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More machine than man: Managing in Major League Baseball

Does a manager really, uh, manage anymore?

American League Wild Card Game 2: Houston Astros v. Minnesota Twins Photo by Jordan Johnson/MLB Photos via Getty Images

In Star Wars Episode VI: Return of the Jedi, Obi-Wan Kenobi imparts this advice to Luke Skywalker regarding nemesis Darth Vader:

“He’s more machine now than man”

Right now in Major League Baseball, that statement could also be used to describe the state of most managerial situations. Once upon a time, the manager brought his own brand of baseball to a club, and then the general manager supported him in that task. But now, with advanced analytics embedded into every aspect of decision-making, the relationship seems to be reversed: the GM sets the team philosophy and the field general is a conduit for it.

Twins fans saw that play out before their eyes in Game 2 of the recent Wild Card series. After pitching five innings of one-run ball, Jose Berrios was lifted from the contest having thrown just 75 pitches. Considering La Makina could be seen pleading with Rocco Baldelli to let him continue, the only rationale for the quick hook seemed to be the oft-cited “third time through the order” bugaboo, in which the quality of pitching returns diminishes each plate appearance from the opposing hitter.

Quick sidebar here: I cannot pin the WC series loss on this single event. Score two runs in two games, and a team will most likely lose both of them. However, the decision to pull Berrios is potentially troublesome for its lack of “reading the room” capability.

Upon getting George Springer to ground out and end the top of the 5th, Berrios exhorted mightily in a pump-up gesture towards his teammates. In the bottom of the inning? The Twins rally and tie the game. It seemed like an emotional turning point—until the air leaked out of the balloon when Jose wasn’t allowed to continue.

What do the numbers say? I don’t have a subscription anywhere to compile large statistics easily, but here are some tables (courtesy of that tell the story of times-through-the-order stats by starting pitchers the last few years:


The categories for starting pitchers do tick in the wrong direction the more times a batter is faced. However, I would have expected a more dramatic turn for the worse rather than the gradual uptick seen here. Interestingly, SP numbers actually get better the fourth time through an order. Small sample size for sure, as pitchers simply don’t reach that rare territory anymore, but it would seem to indicate that when they do, they succeed.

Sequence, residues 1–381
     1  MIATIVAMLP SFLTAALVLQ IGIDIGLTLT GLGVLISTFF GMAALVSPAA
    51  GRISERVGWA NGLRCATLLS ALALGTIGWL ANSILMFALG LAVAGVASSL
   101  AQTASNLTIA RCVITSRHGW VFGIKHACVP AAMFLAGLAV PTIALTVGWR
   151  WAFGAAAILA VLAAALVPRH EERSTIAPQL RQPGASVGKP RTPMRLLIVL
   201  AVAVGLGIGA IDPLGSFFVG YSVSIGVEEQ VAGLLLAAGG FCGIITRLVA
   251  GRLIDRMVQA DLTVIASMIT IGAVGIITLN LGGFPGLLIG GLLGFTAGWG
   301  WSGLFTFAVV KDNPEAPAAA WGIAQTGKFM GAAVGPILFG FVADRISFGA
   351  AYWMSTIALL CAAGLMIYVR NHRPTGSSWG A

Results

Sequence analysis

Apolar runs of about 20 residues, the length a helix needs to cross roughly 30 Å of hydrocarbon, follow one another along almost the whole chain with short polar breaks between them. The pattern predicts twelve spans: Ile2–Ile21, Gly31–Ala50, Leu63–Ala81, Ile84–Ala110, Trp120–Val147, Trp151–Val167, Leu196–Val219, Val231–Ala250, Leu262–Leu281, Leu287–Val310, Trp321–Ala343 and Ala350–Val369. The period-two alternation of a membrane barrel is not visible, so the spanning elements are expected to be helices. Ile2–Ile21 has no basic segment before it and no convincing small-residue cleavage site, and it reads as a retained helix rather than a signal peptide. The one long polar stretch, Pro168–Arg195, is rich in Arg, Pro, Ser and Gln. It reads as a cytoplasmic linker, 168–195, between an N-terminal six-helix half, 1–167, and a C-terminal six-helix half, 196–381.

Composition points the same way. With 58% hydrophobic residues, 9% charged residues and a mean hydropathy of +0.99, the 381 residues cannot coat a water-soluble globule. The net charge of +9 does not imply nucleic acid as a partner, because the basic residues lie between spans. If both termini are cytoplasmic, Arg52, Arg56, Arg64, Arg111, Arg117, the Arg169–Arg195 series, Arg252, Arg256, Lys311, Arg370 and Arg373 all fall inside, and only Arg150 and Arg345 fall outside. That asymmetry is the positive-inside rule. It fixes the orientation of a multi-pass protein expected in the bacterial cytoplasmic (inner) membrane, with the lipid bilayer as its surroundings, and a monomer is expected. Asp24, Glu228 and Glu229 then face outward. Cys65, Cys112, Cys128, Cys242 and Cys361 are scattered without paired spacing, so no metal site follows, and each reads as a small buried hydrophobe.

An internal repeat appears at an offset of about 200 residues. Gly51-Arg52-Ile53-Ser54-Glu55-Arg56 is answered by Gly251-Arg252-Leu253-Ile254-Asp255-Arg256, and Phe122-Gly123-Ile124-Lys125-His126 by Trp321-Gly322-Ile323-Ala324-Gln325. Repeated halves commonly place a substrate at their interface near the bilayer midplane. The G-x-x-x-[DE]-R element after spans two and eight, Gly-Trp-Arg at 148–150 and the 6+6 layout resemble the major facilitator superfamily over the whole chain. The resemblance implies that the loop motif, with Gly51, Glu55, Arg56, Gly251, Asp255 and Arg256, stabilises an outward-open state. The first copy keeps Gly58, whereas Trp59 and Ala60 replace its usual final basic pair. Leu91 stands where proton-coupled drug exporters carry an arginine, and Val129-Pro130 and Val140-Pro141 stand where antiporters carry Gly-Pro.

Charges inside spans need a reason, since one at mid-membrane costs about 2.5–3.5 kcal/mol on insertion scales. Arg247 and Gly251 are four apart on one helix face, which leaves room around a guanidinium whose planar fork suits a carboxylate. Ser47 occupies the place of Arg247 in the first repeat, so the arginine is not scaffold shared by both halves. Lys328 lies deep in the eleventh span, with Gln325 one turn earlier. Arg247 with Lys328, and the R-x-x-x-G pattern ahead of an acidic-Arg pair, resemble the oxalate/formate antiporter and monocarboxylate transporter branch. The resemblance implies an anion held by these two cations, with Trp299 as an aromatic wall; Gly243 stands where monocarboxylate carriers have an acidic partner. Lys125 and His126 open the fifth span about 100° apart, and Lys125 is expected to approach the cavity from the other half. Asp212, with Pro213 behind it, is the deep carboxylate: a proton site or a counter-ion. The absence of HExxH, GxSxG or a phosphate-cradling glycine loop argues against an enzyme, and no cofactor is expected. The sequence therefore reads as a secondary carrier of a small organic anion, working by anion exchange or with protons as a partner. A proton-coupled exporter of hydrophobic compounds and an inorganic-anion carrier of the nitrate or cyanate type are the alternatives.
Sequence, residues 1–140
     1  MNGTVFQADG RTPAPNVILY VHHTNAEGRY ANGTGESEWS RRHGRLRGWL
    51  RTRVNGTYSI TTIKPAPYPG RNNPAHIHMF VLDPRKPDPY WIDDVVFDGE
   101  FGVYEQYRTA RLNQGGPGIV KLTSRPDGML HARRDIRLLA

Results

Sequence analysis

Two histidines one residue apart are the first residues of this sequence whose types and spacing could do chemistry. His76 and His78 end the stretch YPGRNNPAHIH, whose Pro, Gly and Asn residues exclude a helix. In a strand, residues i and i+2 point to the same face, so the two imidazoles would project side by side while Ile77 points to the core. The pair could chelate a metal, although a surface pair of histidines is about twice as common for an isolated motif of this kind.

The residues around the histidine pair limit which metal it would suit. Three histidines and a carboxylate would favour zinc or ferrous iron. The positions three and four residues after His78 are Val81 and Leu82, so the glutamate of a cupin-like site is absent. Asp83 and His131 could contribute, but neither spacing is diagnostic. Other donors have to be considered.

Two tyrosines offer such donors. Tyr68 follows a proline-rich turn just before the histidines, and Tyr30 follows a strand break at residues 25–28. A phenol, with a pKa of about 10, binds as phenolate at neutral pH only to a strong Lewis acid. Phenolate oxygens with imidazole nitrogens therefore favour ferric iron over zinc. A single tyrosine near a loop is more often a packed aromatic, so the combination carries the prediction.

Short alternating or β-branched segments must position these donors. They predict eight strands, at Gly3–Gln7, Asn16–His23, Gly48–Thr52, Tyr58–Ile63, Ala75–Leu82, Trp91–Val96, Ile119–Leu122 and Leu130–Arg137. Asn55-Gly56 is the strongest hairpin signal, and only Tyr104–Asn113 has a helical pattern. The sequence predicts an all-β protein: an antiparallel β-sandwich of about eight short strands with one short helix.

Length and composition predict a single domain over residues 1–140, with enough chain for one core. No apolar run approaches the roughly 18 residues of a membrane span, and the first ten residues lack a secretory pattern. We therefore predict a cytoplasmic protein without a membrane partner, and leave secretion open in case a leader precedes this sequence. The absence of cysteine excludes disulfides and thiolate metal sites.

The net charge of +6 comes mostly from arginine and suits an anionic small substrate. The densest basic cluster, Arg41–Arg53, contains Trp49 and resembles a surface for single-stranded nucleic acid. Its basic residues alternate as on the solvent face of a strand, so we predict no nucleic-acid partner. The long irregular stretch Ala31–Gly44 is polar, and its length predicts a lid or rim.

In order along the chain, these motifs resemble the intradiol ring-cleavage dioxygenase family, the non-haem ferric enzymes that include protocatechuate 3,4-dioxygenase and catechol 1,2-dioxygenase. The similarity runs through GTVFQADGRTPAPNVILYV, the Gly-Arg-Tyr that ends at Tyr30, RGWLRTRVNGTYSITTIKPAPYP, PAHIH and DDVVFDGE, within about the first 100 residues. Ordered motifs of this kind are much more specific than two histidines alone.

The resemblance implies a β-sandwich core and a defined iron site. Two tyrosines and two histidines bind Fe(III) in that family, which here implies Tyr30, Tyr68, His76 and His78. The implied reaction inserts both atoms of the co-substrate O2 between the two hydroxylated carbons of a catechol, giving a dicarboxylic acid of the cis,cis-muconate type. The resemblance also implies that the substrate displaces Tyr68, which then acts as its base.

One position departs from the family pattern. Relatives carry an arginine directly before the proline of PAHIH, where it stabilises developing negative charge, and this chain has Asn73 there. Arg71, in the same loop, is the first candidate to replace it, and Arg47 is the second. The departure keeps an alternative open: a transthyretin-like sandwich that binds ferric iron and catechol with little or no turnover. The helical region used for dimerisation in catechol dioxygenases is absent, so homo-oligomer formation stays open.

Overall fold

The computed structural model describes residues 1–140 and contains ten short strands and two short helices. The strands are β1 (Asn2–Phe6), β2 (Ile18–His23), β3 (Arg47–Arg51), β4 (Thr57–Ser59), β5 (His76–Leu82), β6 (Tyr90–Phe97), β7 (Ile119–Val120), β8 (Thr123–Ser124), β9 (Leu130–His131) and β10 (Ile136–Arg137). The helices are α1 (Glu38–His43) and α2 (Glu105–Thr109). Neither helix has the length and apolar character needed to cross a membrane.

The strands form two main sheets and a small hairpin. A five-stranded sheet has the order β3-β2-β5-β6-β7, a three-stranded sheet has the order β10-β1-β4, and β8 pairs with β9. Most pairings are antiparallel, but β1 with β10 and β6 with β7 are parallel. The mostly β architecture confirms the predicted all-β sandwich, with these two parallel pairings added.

More specifically, here are the career numbers for Berrios...

Jose’s career pretty much mirrors that of MLB as a whole the last two years: great the first go-round, worse the second, and about the same to a little worse the third time through. Nothing in that data seems to indicate a “fall off a cliff” between the 2nd and 3rd time through the order.

To be honest, this entire conversation is one that troubles me. Though analytics strive to provide the best possible outcome in any scenario (as well as shield the decision-makers from criticism), is managing strictly by the numbers always the best—or most entertaining, though that is a different conversation—approach all the time?

To quote another ‘80s movie:

“He’s not a machine—he’s a man!”

Perhaps Rocco Baldelli agreed with the decision to yank Berrios. Perhaps not. Only he can answer that query. However, if he is strictly managing on what the numbers tell him, it begs the question of why he needs to be in the dugout in the first place. Yes, that statement is a bit facetious—someone needs to direct on-field decisions—but how much are current skippers merely figureheads for the number-crunchers as opposed to actual decision-makers?

Numbers can tell us what has happened, as well as the likelihood of what will happen, in any given scenario. But they are not perfect predictors of future success, especially in small sample sizes (like, say, a three-game playoff series). A manager’s gut instinct is no better, of course, and over the long haul is likely to be considerably worse in terms of decision-making. But right now, as with so many other aspects of life, there seems to be no room for middle ground. Over a 162-game grind, I’m much more comfortable playing probabilities. But in a short playoff series? There might be a need to play a hunch or read a situation in the moment. Right now, by and large, MLB managers are not given the chance to do that.